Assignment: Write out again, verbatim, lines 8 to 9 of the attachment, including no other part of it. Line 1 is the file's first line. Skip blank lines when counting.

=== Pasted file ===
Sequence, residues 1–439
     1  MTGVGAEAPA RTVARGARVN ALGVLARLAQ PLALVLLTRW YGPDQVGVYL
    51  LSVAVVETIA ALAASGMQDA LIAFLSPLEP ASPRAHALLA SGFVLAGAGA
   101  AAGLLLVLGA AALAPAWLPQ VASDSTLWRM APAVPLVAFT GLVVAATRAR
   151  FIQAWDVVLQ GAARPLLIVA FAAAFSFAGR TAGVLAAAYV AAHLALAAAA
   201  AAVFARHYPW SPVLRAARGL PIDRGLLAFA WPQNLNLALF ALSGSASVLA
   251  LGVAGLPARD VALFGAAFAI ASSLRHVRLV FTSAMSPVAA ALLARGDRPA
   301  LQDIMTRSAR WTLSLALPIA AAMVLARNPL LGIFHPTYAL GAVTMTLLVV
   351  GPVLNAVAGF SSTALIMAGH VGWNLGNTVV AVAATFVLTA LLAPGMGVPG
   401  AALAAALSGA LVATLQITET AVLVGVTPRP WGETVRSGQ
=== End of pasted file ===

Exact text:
   301  LQDIMTRSAR WTLSLALPIA AAMVLARNPL LGIFHPTYAL GAVTMTLLVV
   351  GPVLNAVAGF SSTALIMAGH VGWNLGNTVV AVAATFVLTA LLAPGMGVPG